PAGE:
Far more fascinating woman than his mother.

    Oh and those 4 were of a graduating class of only 64.

  4. Steph says:

    Possibly he can be of service elsewhere to help out to replace someone who is in Iraq.

    In 91 my other brother (not the one mentioned above) was in Germany so someone else could go to Iraq who had more advanced training in a combat zone or something like that but they needed the position filled.

  5. fredw says:

    This has to make me re-evaluate my opinion of our possibility of success in Iraq; what does it say about our success in Iraq — that the entire British army cannot protect Harry?

  6. graywolf says:

    The British military is a mess.
    First, the thumb-suckers who the Iranians took hostage;obviously the products of minimal training and discipline.
    Now, the Chief of Staff (who looks more like a retired bank teller than a soldier) admits that his Army can’t protect one of its own.

  7. Kent says:

    Fredw, graywolf,

    The British army isn’t in Iraq to protect one of their own. They have other things to do.

  8. Anjin-San says:

    Course we could solve the problem by getting the hell out of Iraq and letting the people there figure out their own problems…

  9. fredw says:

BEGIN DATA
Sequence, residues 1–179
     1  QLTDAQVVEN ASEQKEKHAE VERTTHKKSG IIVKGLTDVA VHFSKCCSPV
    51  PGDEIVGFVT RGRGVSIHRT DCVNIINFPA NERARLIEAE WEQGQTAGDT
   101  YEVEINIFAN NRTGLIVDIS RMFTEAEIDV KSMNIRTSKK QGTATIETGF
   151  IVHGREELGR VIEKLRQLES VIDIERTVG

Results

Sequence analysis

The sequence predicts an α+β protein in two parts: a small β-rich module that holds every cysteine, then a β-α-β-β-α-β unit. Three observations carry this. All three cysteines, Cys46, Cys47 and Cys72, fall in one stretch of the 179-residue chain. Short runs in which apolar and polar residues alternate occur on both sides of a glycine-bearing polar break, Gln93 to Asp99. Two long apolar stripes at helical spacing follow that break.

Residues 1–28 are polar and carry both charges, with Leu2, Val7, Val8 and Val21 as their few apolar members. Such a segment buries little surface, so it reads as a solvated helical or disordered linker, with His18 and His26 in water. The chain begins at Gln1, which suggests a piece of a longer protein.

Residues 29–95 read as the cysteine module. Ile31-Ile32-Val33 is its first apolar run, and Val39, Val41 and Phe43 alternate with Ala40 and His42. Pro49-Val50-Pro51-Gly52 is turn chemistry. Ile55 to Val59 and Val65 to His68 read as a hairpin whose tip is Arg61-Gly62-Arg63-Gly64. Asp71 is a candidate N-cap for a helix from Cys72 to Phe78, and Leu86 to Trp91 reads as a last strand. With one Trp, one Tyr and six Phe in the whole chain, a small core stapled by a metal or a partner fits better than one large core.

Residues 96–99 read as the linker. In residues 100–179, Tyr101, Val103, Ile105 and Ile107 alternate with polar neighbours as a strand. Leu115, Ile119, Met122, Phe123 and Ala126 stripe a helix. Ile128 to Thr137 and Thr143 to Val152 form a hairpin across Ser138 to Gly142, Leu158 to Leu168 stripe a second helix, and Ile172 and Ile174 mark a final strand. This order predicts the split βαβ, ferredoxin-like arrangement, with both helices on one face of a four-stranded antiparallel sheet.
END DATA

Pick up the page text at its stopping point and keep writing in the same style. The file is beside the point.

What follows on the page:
Thanks for the response, but the point is; if they can’t secure Harry and his unit against terrorist threats, I doubt that they are capable of securing anything else. Isn’t restoring order and security the other thing they have to do? I am looking for good news on Iraq, and this is not it.

  10. just me says:

    But would Harry’s presence really be a help, if the British Army has to protect him rather than concentrating on their mission?

    I think about the only way Harry could easily and succesfully serve in Iraq would be for him to go incognito without the security and all that, and use a different name, of course it is kind of hard to avoid people recognizing you, when your picture has been plastered in every magazine, tabloid, and newspaper since the day you were born.

  11. fredw says:

    Granted that Harry’s presence will distract from the mission. The very fact that this is true is a very bad sign. The terrorists say “send Harry and we will kill him” and the Brits change their minds and do not send him, what message does that send our enemies? This does not speak of adding a difficulty to a successful mission, this speaks of pushing a failing mission over the edge. As I said, I am looking for good news in Iraq. At first I took sending Harry as a sign of confidence, good news. I take the decision to keep him home as very bad news.